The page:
The doghouse most certainly is all metal. As I said in my original post, I covered the tops of the batteries with tape to insulate them before I put the doghouse back in place. A battery pack of that capacity really can do unhappy things if it shorts out!

Llyn
 

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Tony,Llyn
Small, square shaped, wrapped and already protected 4.8v NiMH rechargeable battery packs are available from Hobbico or RC Hobbies and others.
http://www.hobbico.com/radioaccys/hcam6300.html
or
http://www.rchobbies.org
Several square versions including the HCAM 6314 (1650 mAh) and the HCAM 6330 (2000 mAh) or the smaller HCAM 6322 (2000 mAh) packs fit in a dog house. (Like the battery on the middle right in the picture.)



I use the flat version (lower right) for my K-27, which powers my receiver for several sessions between charging. I use a big 9.6v, 2500 mAh square version (similar to the one in the upper right) for my DX6 transmitter. I use a purple Super Brain to charge the batteries because the SB is plug and play, figuring out the correct charging rate for each battery.
http://h1071118.hobbyshopnow.com/products/description.asp?prod=MRCRB960

If anyone wants information on specific batteries, chargers, plug adapters and where to get the stuff, let me know and I will be glad to send it to you.
 

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Carl,

You are the battery expert. Thanks for your help at/after ECLSTS.

As far as submerging batteries, I always wondered if you can dip a battery pack in the black plasti-dip type stuff a few times (except the connector) and water proof it that way..... it would blend right it.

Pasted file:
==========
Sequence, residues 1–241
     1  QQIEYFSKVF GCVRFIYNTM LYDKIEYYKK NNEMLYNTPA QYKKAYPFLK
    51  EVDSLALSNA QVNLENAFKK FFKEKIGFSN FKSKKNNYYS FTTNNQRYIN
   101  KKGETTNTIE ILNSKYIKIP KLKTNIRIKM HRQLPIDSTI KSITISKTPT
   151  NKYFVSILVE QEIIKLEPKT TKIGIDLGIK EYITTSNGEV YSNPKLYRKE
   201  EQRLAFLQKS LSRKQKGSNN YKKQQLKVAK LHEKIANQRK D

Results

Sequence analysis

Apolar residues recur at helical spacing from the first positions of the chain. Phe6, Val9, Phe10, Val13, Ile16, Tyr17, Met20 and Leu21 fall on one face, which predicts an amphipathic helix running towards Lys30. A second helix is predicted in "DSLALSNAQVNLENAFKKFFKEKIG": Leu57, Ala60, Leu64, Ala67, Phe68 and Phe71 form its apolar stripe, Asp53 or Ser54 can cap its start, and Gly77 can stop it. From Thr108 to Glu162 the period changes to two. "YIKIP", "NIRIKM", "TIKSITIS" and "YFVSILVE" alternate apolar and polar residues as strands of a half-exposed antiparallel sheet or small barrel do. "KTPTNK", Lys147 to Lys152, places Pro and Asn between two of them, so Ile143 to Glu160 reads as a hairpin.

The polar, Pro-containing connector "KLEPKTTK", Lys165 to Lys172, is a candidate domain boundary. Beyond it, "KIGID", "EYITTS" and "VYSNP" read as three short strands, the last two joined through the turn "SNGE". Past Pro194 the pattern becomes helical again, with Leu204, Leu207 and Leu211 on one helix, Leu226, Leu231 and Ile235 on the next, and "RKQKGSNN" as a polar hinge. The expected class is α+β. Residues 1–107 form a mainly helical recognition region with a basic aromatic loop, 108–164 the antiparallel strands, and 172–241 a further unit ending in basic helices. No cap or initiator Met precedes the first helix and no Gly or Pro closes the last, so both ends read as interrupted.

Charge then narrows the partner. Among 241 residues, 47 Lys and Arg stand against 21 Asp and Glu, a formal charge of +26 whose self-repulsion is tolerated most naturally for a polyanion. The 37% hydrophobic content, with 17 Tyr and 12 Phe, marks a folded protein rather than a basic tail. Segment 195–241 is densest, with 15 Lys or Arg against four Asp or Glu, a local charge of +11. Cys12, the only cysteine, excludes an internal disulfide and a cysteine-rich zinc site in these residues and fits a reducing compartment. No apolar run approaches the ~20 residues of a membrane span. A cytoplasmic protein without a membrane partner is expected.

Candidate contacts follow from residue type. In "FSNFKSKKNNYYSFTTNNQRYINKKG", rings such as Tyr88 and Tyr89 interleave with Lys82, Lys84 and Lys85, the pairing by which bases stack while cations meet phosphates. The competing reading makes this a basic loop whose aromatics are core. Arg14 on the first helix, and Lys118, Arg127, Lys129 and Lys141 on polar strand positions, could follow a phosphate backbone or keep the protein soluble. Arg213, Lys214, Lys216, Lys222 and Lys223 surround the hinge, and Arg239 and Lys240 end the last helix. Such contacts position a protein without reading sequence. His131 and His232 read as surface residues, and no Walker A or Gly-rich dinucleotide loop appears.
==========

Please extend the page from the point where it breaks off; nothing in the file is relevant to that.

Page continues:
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I don't recommend putting any battery under water even if sealed. There are too many other solutions. One is the shallow tray I have in the top of my tender allowing for a safe water bath. It's a solution Jon Kling came up with. I like Llyn's dog house idea and will do that on my K-28 when I get it.
 

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Carl,

Good point. I used the dog house on my #453 K-27 and it works fine. If you do not have a dog house, then a custom coal load is an option.
 

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Carl, just a comment on how I "waterproofed" the batteries in my Shay; I first made up the pack (4 X 600 maH new Sanyo cells I salvaged from new UNUSED surplus computer battery packs I picked up at a local ham radio / computer flea market). These battery packs already had the cells tab-welded together in a 10-pack. After cutting a group of 4 cells loose, I soldered a standard Futaba RC battery lead to the positive & negative of the 2 end cells. After initial charging & testing, I coated the ends of the cells liberally with clear GE "Silicone II" rubber. IMMEDIATELY after coating the cells (while the RTV was still "wet"), I slipped the completed pack into a regular (not a "zip-lock" style) plastic sandwich bag. This bag was then inserted into a SECOND identical sandwich bag to give 2 full layers of plastic between the outside of the cells & the water. The open ends of the two bags were then tightly twisted around the battery lead & cable-tied ( the red cable ties are visible in the photo). The Futaba plug was slipped through the same hole in the front of the tender water space that the brass output line from the feed-water hand pump exits. With BOTH plastic bags now tightly conforming to the battery pack, the OUTER plastic sandwich bag was then "glued" inside the tender water compartment with a liberal amount of GE Silicone II rubber, which was allowed to set for a full 24 hours. Battery charging is accomplished through a standard RC airplane ON/OFF slide switch (which has an additional battery charge lead coming out); this charging lead just sits loose on the cab floor. When I said the battery pack sat IN the water, the cells THEMSELVES are NOT in direct contact with the water, but isolated by the 2 plastic bags (I used 2 as a "redundancy" measure);) JUST in case one developed a leak!/DesktopModules/NTForums/themes/mls/emoticons/wow.gif Tom